3. Who was responsible for this miracle of rising from the dead?

Christ did this by his own power and Spirit as is taught by such verses as John 10:17,18, Rom. 1:4.

4. What does the resurrection of Christ teach us?

It teaches us to walk in newness of life. Rem. 6:4.

5. Why did Christ ascend into heaven?

He ascended into heaven that he might be returned to the glory he had before the world was formed (John 17:5). By his ascension he also took over, as Head of the church, the destination of all believers.

6. What does Christ do at the right hand of God?

Christ makes intercession for all believers at this place and is also preparing a place for them.

7. When and how will Christ come to judge the world?

He will come to judge the world at the last day. He will judge the world in righteousness, giving to everyone w hat is deserved. (2 Cor. 5:10)

JUDGMENT

The fourth part of Christ’s exaltation is to judge the world at the last day. As believers, we can thank God that at the judgment we will be declared righteous on the ground of our participation in the righteousness of Christ. The “book of life” will be opened, the book of God’s eternal electing love. It is indeed a day to which the believer can look forward, by faith.

There is a thought concerning the judgment that should cause us to sincerely examine our hearts before the Lord. The secrets of all hearts, the inward states and hidden springs of action will be brought in as the subject matter of judgment, as well as the actions themselves. As professing Christians, this thought needs to be considered.

It is a truth that “For by grace are ye saved through faith; and that not of yourselves: it is the gift of God: Not of works, lest any man should boast.” (Eph. 2:8,9), And yet it is an equal truth that the person who is sincerely saved through faith will show forth the fruits of good works as it is brought out very clearly in the next verse: “For we are his workmanship, created in Christ Jesus unto good works, which God hath before ordained that we should walk in them.” If we claim Christ as our Saviour, the question is pertinent: Are we showing forth good works, are the fruits of the Spirit habitual with us or are the works of the flesh?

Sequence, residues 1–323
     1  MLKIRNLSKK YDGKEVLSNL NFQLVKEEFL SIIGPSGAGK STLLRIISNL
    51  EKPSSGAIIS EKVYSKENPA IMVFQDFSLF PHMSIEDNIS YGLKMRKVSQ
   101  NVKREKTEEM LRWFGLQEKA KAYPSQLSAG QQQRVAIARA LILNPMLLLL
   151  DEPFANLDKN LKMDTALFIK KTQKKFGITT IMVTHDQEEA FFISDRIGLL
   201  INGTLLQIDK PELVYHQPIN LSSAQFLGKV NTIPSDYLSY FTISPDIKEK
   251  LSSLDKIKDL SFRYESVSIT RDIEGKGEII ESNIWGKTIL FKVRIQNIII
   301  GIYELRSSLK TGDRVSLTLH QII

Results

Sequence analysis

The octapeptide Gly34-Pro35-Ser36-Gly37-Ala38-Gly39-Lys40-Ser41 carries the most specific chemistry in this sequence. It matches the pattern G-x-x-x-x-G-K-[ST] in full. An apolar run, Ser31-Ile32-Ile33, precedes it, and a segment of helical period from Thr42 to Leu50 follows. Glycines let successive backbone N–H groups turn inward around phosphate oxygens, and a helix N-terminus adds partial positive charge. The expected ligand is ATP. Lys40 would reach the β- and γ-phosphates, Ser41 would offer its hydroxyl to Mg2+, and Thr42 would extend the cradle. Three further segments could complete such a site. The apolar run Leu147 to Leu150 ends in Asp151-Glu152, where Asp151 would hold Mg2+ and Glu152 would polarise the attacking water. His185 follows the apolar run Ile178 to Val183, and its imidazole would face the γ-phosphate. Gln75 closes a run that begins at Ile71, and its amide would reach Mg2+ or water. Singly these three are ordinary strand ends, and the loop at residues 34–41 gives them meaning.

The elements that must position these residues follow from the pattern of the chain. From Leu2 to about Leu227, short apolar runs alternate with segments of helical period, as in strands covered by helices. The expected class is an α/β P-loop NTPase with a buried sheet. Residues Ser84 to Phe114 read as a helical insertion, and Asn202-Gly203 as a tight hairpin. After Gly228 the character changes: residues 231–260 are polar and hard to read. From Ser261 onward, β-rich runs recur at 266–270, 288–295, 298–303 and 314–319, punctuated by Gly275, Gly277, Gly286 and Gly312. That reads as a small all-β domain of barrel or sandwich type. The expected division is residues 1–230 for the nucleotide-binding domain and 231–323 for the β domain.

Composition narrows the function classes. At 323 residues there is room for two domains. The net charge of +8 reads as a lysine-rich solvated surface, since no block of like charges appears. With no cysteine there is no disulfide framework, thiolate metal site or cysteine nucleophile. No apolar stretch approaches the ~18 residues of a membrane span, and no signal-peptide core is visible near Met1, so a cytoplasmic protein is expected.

A. A. Hodge, in treating the judgment, states of the believers:
“Their holy characters and good deeds … wlll be publicly declared as the evidences of their election, of their relation to Christ, and of the glorious work of Christ in them.” (Matt. 13:43; 25:34-40).

It is important for us to ask of ourselves today, right now, Are we showing evidence of our election, of our relation to Christ, of the glorious work of Christ in us? Jim Elliot once wrote in his diary, ” ‘He makes His ministers a flame of fire.’ Am I ignitible? God deliver me from the dread asbestos of ‘other things.’ Saturate me with the oil of the Spirit that I may be a flame.” Is such our prayer? Will the day of judgment declare it and show forth the evidences of our election?

Published By: THE SHIELD and SWORD, INC.
Vol. 3 No. 28 (April 1963)